in these discussions, because they are going to have a vital role
to play, surely? So you are talking to them, but I think what
we still have not quite heard is that they are perhaps involved
directly in discussions with DEFRA, and indeed those other Government
Departments that might be involved?
(Dr Leinster) I would not like to give a false impression,
they do have discussions with those other Government Departments,
and also with DEFRA; but, again, rather than us trying to guess
at how much contact they have, the question has to be put to the
parties to those discussions, because we are not parties to those
discussions. But, in terms of, for example, if we take things
like tyres, there is a used tyres group, on which the producers
are involved, and that is a DTI group, and we are involved on
that and certainly the tyre producers are involved in that. For
the WEEE Directive, the Waste Electrical and Electronic goods,
there are a number of stakeholder groups within that, on which
industry is involved, so I think we could go through different
groupings and indicate how producers are involved within these
210. Can I just follow on from that, that it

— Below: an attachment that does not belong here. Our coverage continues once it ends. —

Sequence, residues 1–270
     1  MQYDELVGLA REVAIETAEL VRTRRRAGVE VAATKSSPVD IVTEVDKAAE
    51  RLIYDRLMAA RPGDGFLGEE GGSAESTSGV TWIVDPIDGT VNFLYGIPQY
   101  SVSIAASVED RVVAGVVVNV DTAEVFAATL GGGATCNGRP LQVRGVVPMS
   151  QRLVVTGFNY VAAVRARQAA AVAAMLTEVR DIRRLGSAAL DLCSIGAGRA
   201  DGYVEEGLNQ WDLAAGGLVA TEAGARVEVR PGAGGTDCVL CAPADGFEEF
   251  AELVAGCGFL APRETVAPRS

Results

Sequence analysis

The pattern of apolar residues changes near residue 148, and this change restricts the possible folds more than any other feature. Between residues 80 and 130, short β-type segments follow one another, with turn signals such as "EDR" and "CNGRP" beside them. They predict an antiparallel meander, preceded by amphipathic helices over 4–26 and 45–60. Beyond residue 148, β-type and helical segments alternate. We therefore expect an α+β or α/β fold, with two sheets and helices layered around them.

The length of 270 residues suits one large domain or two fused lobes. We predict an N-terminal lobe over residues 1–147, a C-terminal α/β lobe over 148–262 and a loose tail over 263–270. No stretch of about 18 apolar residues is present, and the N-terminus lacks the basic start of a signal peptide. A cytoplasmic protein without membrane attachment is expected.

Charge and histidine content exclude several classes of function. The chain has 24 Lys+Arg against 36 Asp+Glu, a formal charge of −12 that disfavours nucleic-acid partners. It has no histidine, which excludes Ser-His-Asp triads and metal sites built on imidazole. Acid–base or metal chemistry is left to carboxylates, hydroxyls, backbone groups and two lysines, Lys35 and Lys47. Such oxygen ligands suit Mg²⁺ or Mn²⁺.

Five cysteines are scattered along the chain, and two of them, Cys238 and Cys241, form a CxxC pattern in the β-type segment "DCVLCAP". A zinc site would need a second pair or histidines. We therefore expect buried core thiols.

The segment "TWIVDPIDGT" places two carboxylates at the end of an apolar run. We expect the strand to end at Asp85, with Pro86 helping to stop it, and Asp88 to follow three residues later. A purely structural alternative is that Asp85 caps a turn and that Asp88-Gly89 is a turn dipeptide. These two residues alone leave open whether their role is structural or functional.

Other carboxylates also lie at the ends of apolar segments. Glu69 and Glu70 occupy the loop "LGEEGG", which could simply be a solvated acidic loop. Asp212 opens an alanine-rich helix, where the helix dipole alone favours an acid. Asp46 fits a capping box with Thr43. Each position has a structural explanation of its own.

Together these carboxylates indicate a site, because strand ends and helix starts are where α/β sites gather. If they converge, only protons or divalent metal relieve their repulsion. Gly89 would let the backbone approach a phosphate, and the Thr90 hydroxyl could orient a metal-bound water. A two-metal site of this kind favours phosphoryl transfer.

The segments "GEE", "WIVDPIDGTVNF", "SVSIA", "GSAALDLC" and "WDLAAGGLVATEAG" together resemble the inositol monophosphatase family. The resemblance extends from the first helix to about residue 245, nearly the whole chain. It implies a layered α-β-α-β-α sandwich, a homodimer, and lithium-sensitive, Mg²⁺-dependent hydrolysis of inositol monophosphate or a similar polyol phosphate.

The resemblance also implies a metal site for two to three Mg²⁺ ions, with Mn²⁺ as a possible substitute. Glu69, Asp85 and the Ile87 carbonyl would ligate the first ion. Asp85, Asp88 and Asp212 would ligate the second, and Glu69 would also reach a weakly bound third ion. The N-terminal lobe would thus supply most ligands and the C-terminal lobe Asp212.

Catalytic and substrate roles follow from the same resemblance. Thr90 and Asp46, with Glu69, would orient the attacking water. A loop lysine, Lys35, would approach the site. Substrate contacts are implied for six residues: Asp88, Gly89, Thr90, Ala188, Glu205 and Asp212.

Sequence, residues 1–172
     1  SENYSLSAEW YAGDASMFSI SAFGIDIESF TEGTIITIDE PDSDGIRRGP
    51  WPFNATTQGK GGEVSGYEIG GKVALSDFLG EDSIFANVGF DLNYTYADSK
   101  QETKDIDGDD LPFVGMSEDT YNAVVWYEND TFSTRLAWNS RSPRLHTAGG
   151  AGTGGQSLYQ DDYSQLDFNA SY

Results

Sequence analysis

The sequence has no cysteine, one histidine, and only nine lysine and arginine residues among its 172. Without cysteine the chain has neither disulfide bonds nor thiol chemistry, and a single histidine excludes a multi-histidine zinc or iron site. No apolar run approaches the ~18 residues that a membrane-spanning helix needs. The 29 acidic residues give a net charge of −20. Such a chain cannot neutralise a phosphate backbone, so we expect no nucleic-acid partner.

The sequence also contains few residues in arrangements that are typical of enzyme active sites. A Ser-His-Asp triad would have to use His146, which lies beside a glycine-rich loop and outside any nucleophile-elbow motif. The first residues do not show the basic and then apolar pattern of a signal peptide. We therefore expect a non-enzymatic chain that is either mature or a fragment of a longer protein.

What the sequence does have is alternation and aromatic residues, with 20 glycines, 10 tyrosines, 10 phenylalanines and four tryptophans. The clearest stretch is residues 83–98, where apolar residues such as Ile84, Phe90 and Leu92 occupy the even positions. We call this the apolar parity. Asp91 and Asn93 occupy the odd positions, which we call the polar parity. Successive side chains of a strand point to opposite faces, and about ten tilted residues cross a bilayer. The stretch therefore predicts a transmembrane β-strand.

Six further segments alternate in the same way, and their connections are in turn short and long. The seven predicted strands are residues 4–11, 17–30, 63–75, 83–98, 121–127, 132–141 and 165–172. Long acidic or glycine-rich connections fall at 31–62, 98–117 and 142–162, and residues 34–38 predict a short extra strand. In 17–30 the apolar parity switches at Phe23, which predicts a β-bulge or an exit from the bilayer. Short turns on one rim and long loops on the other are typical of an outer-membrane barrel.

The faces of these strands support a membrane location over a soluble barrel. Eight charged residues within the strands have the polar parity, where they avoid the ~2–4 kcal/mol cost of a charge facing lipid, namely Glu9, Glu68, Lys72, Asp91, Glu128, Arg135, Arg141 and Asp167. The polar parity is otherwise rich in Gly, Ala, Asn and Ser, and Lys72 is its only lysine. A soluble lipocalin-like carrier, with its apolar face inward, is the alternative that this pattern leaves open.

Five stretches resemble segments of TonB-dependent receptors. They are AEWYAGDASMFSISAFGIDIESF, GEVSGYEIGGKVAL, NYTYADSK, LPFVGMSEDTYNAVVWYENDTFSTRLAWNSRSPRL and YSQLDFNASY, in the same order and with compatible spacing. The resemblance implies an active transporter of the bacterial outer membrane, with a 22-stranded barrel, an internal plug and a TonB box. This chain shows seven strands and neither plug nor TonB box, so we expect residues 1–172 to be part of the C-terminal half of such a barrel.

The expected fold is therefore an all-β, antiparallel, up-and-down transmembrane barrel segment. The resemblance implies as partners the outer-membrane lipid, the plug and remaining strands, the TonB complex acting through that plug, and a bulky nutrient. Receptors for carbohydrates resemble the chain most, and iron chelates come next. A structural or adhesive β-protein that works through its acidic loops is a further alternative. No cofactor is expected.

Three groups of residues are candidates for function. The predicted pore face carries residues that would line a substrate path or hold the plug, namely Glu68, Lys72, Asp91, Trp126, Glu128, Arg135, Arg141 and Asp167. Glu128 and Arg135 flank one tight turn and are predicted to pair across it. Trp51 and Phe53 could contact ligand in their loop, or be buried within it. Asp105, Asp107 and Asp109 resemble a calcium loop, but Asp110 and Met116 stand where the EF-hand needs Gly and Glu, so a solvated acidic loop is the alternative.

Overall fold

is great to hear they are involved in discussions, but in your
own evidence, in fact, in paragraph 4.3, you talk about the implementation
dates for the End of Life Vehicle Directive and the Waste Electrical
Equipment Directive. I have to say, I am still completely unclear,
in both of those, as to how, if you like, the owner, the customer,
the consumer end of this is going to operate in paying some of
the costs that inevitably are going to be involved, in disposing
of the piece of kit that they end up with. I am also, shall we
say, a little bit confused, particularly in the context of the
electrical goods side, as to precisely how that interrelates to
what we have been discussing; now it may be that we should have
another whole evidence session on that, it sounds like a big subject,
but maybe you could give us just a brief overview, and possibly
submit a further commentary? Because these are two very high-profile
Directives and, as Mr Lepper was talking about, who actually,
if you like, carries the cash-can for looking after this, it seems
to me totally unclear as to who is going to do what; and I say
that out of ignorance as much as concern?